Coenred: I love him like the older brother I never had, and I believe he looks upon me with fondness. But I have seen him wielding his great sword, Hrunting. I have stood by and watched as he has cut down his enemies as a farmer scythes barley. The battle-lust comes upon him at such times and I am not ashamed to say that he frightens me then.

Helen: Do you like being the ‘supporting role’ or do you wish you could have a lead part in a book of your own?
Coenred: What a strange question! We each have our place in the world. Mine is not to be a hero, standing in shieldwalls, feeding the wolves and ravens. But I am of course the lead part in my own tale, and I have done many things in my life and I am still young. I have witnessed a great gift-giving in the hall of Bebbanburg, scribed a treaty between Mercia and Northumbria, attended a royal wedding in Wessex, and visited the Isle of Hii far to the north and west. I have done all these things and more. Perhaps one day I will travel all the way to the Holy city of Roma. Only the Lord can say what life has in store for me.

Helen: What is one of your least favourite scenes?
Coenred: I prefer not to speak of it. I try not to even think of it, but the dark memories sometimes return to me in my dreams. It was shortly after meeting Beobrand. He had yet to recover from his wounds when some Waelisc warriors came to the settlement where I lived. The people fled into the forest. I ran and hid with Beobrand inside a great hollow tree. I can recall the scent of the wood and leaf mould even now. When we returned to the village, we found my sister, Tata, had not run quickly enough…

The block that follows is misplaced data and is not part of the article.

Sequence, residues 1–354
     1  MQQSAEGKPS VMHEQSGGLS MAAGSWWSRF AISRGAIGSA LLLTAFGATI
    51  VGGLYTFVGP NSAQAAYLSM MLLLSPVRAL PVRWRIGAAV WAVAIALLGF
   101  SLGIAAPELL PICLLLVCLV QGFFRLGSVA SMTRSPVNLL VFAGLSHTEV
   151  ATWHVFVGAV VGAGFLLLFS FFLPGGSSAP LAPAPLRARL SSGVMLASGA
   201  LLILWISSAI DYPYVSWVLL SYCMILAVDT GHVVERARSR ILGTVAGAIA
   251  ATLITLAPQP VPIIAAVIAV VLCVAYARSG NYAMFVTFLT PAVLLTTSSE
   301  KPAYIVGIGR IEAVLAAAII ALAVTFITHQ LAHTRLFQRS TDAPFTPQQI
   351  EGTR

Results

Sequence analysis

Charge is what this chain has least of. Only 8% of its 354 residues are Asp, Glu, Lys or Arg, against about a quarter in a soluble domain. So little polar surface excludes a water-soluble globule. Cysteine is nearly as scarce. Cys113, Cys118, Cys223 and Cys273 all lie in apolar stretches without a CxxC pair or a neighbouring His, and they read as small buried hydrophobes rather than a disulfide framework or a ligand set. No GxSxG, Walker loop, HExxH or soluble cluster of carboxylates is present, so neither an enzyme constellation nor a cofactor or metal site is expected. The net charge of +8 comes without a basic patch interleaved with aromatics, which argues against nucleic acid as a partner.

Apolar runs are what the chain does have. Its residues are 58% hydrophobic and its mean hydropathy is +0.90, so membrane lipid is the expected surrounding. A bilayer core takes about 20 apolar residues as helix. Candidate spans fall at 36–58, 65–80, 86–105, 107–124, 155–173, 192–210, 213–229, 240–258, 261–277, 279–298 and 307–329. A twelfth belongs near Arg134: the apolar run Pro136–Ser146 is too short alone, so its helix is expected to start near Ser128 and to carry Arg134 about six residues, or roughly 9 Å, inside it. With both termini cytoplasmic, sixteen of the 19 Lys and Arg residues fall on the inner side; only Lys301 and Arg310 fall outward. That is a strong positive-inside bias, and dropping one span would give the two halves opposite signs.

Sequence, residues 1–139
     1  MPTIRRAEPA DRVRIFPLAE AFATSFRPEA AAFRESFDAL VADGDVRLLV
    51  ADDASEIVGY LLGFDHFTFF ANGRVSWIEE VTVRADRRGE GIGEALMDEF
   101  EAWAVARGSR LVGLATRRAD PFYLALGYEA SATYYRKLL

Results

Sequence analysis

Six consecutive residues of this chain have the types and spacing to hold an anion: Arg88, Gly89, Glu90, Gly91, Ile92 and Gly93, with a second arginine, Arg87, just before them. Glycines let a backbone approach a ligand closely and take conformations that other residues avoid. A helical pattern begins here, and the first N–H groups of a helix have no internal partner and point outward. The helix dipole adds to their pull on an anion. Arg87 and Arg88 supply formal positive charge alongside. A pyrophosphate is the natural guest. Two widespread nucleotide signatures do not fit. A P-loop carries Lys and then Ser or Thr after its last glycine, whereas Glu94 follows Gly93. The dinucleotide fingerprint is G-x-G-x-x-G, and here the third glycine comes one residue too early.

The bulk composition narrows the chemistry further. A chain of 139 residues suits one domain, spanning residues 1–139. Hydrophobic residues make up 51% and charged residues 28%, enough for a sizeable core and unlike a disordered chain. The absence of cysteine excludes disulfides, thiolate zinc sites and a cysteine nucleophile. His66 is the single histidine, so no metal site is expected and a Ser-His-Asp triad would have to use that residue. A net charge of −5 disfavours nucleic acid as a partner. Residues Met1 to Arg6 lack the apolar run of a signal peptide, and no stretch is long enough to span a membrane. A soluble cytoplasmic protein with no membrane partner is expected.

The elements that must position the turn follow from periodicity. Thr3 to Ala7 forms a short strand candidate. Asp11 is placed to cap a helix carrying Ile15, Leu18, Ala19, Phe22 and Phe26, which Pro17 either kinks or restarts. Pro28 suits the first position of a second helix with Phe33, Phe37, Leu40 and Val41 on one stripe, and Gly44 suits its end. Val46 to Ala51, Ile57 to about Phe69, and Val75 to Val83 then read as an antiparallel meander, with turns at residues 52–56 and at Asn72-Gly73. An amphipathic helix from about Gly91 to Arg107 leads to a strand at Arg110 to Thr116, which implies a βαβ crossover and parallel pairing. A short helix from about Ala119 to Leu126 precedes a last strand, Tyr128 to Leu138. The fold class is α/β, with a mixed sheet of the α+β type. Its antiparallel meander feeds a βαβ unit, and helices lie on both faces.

I loved her so much, and now I can only seem to see her as we found her then…

No, I will speak of this no more.

Helen: and your most favourite?
I remember helping King Oswald hand out gifts to his thegns and warriors after the battle of Hefenfelth. I was terrified to be standing there before so many great men, but it was a happy time. A time of feasting and laughter. Beobrand had helped bring victory to the king and so he was rewarded. I often remember how he smiled then, with his woman, the beautiful Sunniva, at his side.

Helen: Thank you – that was really interesting – I look forward to meeting you again in ‘your’ novel!
Coenred: It has been my pleasure. Now, I do believe I am late for Vespers. Gothfraidh does go on so, if I am not there on time.


Helen: Now something for the intrepid author to answer. You can invite six fictional characters (not your own!) to Christmas Dinner – who will they be?